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Coroutine in Python

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We are all familiar with function which is also known as subroutine , procedure , subprocess , etc. . Function — it is a sequence of instructions packaged as a unit to perform a specific task. When the logic of a complex function is divided into several separate steps that are themselves functions, then these functions are called helper functions or routines .

Routines in Python are called by the main function, which is responsible for coordinating the use of these routines. Routines have a single entry point.

Coroutines are generalizations of subroutines. They are used for collaborative multitasking, where a process voluntarily gives control periodically or in standby mode to allow multiple applications to run concurrently. Difference between coroutine and subroutine:

  • Unlike subroutines, coroutines have many entry points to pause and resume execution. A coroutine can suspend its execution and transfer control to another coroutine, and can resume execution where it left off.
  • Unlike subroutines, there is no main function to call coroutines in a specific order and coordinate results. Coroutines are cooperative, which means they are chained together to form a pipeline. One coroutine can consume input and send to others who process it. Finally, there could be a coroutine to display the result.

Coroutine Vs Thread

Now you might be thinking how a coroutine is different from threads, both seem to do the same job. 
In the case of threads, this is the operating system (or runtime) that switches between threads according to the scheduler. Although in the case of coroutines, it is the programmer and programming language that decides when to switch coroutines. Coroutines work together multitasking, pausing and resuming at specified points by the programmer.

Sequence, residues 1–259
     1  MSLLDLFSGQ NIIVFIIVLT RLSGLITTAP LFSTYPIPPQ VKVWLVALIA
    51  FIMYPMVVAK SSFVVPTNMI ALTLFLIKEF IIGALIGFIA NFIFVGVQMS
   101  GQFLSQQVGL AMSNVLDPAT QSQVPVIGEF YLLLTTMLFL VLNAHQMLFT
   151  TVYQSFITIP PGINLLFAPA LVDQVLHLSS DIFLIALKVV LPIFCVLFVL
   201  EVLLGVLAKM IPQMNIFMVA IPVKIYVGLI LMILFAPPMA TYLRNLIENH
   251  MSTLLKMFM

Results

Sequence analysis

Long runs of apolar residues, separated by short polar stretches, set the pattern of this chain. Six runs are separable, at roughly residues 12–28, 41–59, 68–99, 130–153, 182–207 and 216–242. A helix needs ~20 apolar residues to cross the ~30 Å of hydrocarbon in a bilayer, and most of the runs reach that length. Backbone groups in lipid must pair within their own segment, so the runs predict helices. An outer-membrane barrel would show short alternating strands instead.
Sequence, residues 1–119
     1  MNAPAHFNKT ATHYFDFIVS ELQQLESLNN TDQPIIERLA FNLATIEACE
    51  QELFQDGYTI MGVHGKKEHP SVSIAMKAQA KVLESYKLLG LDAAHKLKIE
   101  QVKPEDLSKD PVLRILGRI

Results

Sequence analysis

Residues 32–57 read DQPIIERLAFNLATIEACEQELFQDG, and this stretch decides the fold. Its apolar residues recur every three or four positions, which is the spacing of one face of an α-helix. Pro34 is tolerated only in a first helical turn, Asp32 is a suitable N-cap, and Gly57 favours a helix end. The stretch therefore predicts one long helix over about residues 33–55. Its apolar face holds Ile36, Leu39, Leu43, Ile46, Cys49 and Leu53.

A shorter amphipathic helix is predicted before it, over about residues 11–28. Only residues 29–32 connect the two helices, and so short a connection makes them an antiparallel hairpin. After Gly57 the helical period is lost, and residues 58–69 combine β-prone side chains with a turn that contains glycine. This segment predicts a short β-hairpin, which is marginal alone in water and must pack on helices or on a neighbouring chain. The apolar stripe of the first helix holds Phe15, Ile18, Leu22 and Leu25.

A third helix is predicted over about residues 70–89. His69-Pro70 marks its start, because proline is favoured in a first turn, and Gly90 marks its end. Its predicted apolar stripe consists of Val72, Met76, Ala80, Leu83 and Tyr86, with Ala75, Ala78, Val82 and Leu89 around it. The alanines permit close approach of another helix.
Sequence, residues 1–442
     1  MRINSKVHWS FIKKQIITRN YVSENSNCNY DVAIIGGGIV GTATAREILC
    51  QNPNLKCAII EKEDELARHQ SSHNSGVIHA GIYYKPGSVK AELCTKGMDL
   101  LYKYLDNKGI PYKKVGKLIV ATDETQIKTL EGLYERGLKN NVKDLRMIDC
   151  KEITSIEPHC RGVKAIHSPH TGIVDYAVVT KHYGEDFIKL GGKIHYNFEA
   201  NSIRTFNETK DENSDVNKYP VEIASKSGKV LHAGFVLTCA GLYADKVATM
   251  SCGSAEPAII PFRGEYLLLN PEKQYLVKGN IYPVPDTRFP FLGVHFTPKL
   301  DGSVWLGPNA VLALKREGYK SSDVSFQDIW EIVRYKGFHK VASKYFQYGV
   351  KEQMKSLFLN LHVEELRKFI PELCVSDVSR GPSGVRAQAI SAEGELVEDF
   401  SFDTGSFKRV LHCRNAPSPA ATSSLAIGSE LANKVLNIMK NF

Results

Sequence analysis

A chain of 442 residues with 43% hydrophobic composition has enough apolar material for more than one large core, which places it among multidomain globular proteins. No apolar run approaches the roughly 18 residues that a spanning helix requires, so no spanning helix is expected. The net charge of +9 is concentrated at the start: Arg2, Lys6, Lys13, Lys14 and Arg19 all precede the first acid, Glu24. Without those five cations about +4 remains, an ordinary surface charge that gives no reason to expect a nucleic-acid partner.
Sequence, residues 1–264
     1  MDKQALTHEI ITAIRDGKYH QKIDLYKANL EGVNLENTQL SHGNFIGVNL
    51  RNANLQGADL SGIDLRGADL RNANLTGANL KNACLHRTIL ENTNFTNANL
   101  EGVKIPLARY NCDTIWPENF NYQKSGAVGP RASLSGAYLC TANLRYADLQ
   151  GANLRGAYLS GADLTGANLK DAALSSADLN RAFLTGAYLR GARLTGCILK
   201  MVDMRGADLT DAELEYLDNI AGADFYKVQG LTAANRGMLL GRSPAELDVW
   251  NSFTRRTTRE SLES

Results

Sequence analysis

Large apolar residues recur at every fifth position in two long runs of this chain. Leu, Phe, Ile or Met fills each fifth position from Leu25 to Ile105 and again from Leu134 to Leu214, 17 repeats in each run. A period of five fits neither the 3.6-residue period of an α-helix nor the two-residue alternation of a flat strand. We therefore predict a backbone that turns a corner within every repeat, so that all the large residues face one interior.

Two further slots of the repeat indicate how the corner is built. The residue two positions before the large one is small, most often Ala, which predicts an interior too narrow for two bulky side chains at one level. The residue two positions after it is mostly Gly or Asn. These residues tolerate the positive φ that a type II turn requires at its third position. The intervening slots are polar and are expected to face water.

Python Coroutine

In Python, coroutines are similar to generators, but with a few extra methods and a slight change in how we use the line = (yield)

any value we send to the coroutine is captured and returned by (yield)
The value can be sent to the coroutine using the send () method. For example, consider this coroutine, which prints out a name prefixed with "Dear". We will send the names to the coroutine using the send () method.

# Python3 demo program
# coroutine execution

 

def print_name (prefix):

print ( "Searching prefix: {}" . format (prefix))

while True :

  name = ( yield )

if prefix in name:

print (name)

  
# call the coroutine, nothing happens

corou = print_name ( "Dear" )

 
# This will start execution of the coroutine and
# Prints the first line & quot; Searchig prefix ... & quot;
# and move execution to the first yield statement
corou .__ next __ ()

  
# sending inputs

corou.send ( "Atul" )

corou.send ( "Dear Atul" )

Output:

 Searching prefix: Dear Dear Atul 

Coroutine execution